Controller Based WLANs

What does the Aruba Policy Enforcement Firewall module do?

Product and Software: This article applies to all Aruba mobility controllers and ArubaOS 3.x.

The Aruba Policy Enforcement Firewall module provides identity-based security, Quality of Service (QoS) control, and traffic-management capabilities to a user-centric network. Identity-based security is essential because mobile users can enter a network at any point, wired or wireless.


The Aruba ICSA-certified stateful firewall enables user classification on the basis of user identity, device type, location, and time of day, and it provides differentiated access for different classes of users.


Identity-based Stateful Firewalls


Firewall rules are aware of the user, not just IP addresses, which leads to greater visibility and more complete control.


 ICSA Certification


Industry-standard verification of firewall quality and security provides assurance that complete independent testing has been performed.


 Policy-based Access Control


This policy permits translation of corporate security policy into action. Compliance with corporate security policy becomes mandatory and enforced, rather than simply monitored.


 QoS Control


Stateful flow classification enables identification of application flows for special treatment, such as providing enhanced QoS for voice.


 Role-based Access Control


This control permits templates to be applied based on group membership, which simplifies administration.


High-Performance Security


·       Hardware-accelerated encryption/decryption and firewall rule processing eliminates bottlenecks.


·       Separation of control and data plane allows for scalability.


 Mobile networks are missing the physical layer of security, so mobile users need to be treated with greater security than traditional fixed users. Firewalls are a mandatory part of an enterprise's layered security strategy for the mobile network, and Aruba's unique identity-based stateful firewall technology enables enterprises to define access controls for any user or group of users on the network.


Identity-based Stateful Firewalls


Aruba mobility controllers provide a single point of encryption/decryption, authentication, and firewall enforcement. Because they are identity-aware and also terminate encryption, Aruba mobility controllers are immune from spoofing attacks that plague traditional network-based firewalls that filter on IP address rather than user identity.

Complete Policy-based Access Control


All organizations have written IT security policies. Policies can dictate the network access, protocols, and applications that are permitted or denied, and levels of services that are provided. In most enterprises, policy compliance is monitored to varying degrees, but violations are discovered and dealt with after the fact. Aruba permits policies to be actively enforced, even in a mobile environment, with policies following the users as they roam across the edge of the network.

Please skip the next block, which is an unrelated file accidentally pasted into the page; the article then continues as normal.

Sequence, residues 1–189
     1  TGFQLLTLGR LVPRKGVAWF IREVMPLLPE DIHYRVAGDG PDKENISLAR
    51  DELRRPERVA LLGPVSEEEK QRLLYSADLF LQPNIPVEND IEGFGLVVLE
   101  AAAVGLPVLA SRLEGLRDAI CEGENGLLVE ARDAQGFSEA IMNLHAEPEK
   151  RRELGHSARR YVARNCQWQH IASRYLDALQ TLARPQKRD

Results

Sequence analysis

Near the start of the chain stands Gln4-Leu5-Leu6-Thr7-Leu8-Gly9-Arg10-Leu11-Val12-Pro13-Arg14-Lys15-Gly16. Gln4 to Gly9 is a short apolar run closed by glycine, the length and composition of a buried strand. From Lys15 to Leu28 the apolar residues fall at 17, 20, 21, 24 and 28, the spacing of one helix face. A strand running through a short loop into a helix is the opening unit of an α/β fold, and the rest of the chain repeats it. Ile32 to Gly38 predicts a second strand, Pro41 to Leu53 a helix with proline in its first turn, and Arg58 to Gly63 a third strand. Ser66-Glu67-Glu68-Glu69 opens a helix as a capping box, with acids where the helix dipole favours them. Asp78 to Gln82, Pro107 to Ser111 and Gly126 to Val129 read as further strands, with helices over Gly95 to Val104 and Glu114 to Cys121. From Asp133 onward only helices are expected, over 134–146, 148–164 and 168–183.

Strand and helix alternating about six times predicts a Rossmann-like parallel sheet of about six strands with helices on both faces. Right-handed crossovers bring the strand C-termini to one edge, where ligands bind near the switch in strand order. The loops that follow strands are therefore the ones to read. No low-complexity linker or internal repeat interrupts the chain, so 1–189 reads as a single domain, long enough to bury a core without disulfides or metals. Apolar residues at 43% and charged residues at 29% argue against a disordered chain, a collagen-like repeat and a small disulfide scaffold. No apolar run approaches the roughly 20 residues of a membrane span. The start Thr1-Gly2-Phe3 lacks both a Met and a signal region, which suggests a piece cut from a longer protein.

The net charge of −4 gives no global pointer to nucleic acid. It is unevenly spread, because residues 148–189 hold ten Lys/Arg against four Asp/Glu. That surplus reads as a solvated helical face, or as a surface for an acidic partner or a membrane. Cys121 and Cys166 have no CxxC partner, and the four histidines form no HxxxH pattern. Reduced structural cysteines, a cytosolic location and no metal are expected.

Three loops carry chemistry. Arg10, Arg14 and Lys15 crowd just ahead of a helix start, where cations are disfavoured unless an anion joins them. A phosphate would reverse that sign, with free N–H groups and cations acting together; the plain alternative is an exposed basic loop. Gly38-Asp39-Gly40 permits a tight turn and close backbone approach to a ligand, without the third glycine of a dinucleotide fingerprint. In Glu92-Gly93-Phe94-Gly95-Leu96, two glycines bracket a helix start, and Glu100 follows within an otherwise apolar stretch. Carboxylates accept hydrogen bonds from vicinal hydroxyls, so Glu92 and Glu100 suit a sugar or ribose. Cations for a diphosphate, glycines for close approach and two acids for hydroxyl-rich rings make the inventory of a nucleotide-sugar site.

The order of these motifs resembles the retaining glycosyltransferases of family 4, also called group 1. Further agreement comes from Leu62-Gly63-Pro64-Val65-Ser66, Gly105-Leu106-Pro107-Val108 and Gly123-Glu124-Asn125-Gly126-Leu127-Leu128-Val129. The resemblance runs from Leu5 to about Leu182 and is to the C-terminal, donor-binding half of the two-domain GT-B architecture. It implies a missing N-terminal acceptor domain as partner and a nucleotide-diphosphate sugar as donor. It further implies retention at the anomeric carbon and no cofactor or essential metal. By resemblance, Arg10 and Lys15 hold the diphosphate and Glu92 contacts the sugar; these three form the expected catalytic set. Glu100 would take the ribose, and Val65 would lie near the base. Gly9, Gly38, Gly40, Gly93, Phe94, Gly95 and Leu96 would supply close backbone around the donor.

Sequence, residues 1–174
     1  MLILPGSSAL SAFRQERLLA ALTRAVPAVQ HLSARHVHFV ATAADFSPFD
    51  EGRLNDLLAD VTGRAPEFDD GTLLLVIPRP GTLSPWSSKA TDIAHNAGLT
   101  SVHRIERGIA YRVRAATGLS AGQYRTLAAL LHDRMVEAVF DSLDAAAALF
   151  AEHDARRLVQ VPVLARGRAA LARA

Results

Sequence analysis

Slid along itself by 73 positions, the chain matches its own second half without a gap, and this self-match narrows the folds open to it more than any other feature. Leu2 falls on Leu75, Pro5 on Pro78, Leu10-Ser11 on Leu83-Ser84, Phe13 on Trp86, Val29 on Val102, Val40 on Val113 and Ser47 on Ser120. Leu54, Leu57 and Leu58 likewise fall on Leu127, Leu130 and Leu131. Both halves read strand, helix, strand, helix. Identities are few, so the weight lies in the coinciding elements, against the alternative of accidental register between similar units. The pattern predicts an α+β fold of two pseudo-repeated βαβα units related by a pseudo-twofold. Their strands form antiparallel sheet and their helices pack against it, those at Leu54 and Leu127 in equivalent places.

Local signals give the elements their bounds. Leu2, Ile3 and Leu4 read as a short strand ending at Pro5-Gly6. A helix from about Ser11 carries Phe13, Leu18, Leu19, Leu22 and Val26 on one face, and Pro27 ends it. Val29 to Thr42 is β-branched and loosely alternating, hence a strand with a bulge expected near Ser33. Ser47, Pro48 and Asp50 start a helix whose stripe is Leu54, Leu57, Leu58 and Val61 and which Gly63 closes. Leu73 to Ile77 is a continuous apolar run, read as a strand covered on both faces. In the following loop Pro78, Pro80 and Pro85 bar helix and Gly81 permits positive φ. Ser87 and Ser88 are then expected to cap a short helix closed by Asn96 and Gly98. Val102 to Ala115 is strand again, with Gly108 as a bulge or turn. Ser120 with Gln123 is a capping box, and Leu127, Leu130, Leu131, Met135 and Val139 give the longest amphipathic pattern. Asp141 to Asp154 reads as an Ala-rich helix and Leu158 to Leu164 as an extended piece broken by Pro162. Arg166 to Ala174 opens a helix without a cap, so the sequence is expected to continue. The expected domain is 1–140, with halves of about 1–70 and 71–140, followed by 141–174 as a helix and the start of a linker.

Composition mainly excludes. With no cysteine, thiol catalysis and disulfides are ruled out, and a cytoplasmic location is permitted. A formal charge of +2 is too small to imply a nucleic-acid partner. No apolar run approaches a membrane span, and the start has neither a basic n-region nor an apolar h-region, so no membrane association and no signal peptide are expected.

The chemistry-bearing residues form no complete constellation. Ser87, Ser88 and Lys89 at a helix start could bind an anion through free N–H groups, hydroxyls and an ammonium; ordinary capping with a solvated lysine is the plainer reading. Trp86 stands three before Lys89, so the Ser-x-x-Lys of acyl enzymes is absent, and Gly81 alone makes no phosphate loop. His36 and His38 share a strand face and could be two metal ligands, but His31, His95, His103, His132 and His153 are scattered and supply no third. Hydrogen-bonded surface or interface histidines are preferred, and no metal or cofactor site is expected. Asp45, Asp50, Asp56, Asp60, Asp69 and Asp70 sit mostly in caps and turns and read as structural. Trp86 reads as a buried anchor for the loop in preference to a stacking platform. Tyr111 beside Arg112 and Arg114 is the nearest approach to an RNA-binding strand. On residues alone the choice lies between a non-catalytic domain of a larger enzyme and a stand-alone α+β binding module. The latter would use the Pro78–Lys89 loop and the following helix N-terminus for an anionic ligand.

Easy to use GUI for firewall policy configuration center:


QoS Service Control


After application flows have been identified by the firewall, standard firewall actions, such as permit, drop, log, or reject, can be applied. However, the Aruba stateful firewall capability enables more than just robust security. Rule actions can also tag packets with an 802.1p or DSCP marking, prioritize the traffic into multiple queues, or even redirect specific protocols to different destinations. Flow classification is stateful for many popular protocols, such as SIP, which permits appropriate QoS to be applied to both the control protocol and the call sessions.


Role-based Access Control


The Aruba stateful Policy Enforcement Firewall enables access to network resources based on the role of the user. This role is assigned or derived through a variety of different mechanisms, such as external authentication databases, ESSID, or physical location. After the role has been assigned to a user, differentiated policies can be applied.


 High-Performance Wireless Security

Until now, enterprises have been forced to quarantine wireless users into a DMZ, where they were authenticated and firewalled as if they were coming in from the Internet. While this mechanism works from a security standpoint, the performance offered to the wireless user is severely impacted due to limitations with DMZ-based VPN gateways and firewalls. Aruba allows corporate users to be authenticated, encrypted, and firewalled within the corporate intranet with the highest degree of security and performance, which provides the connecting point between mobile users and the wired network.


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Last update:
‎07-09-2014 03:09 PM
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